Two weekends back our oldest son chose to move out on his own on a whim. He didn't take any of his things with him. He left one afternoon with what he said was an old friend from when he was in foster care several years ago then texted us the next day saying he didn't want to come back home. He had just graduated high school and was starting college and a new job the next week. He had been with us for more than three years, and while he had his issues, everyone (including him) thought he had matured and was ready to make more responsible decisions.
My wife and I were hopeful...we still are. But we rack our brains grasping at straws for why this happened. We were not indulgent or enabling. If anything, we were strict and structured. But upon returning home after graduation, we put the ball in his court and let him choose what his path would be.
|An incredible ministry to porn addicts|
& the porn industry...but not what I
wanted for my son.
This hurt. We chose our son, and he abandoned us. He had run away before when he was still a minor, and we worked through some of those issues to restore him. But now, he is an adult (if only in a legal sense). He had a fairly bright future. We were not dreaming of him becoming a doctor or a lawyer, but a man who took the next step to finding himself and living life. Being a liability to Average Joe Taxpayer was not our first choice for him.
So if we trained our child in the way he should go, why did he depart from it?
You may be reading this as a parent (whether you adopted or not) trying to avoid this path for your kids as you have set what is good in front of them and encouraged them to choose it. The Book of Proverbs is what we call wisdom literature. So when we interpret different passages, we have to consider what kind of language is being used. Is it a story? History? Poem? Parable? Proverbs 22:6 is true, but it is not without exception. 9 times out of 10 a child that is trained in the way he should go will not depart from it when he is old. But, this passage doesn't eliminate a child's capacity to choose which path he will take.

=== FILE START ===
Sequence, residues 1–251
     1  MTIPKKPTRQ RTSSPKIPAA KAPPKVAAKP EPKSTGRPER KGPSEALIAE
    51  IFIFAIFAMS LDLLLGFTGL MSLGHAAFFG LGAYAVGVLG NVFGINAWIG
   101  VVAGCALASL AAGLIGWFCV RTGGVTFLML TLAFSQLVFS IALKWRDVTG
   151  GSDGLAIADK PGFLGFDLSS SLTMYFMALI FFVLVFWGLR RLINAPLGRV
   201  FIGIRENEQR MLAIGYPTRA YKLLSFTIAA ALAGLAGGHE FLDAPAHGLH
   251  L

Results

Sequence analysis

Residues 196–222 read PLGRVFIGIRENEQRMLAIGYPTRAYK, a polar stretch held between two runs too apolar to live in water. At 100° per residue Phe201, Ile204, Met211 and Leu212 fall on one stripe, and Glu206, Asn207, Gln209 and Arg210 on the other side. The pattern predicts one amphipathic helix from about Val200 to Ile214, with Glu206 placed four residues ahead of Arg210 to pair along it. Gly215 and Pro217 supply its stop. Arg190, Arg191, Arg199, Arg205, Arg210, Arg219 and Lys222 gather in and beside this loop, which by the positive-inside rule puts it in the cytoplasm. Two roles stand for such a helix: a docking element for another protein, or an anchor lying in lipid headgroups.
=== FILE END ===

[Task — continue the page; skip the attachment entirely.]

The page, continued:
Choice is the ugly beautiful. It means that we are not robots lacking the capacity to love God and one another deeply. It also means that we maintain the ability to really mess life up for ourselves and others. Choice gives us Jesus in the Garden of Gethsemane praying, "Not my will, but yours" before he hands himself over to be beaten and crucified. It also gives us Adam and Eve in another garden choosing disobedience which led to shame, cursing and murder.
Some will ask, do you regret adopting your son? No. We chose him, and that choice was not dependent upon his performance. We are mourning his choices and wish more for him, but I suppose the exact same thing is true of our relationship with God. He mourns some of our choices and rejoices in others. God has much prepared for us to do and enjoy, but we too often settle for what is immediately gratifying rather than waiting for something better.
Our son was 15 and alone when we adopted him. He had bounced between foster homes, residential treatment facilities and group homes. He had been through two disrupted adoptive placements where someone told him they were his family then changed their minds when he didn't live up to their expectations. We would still encourage families to adopt older children even as we sit in disbelief of our son's choices. But his story is not over yet. He is not given up on. He is still and forever will be my son.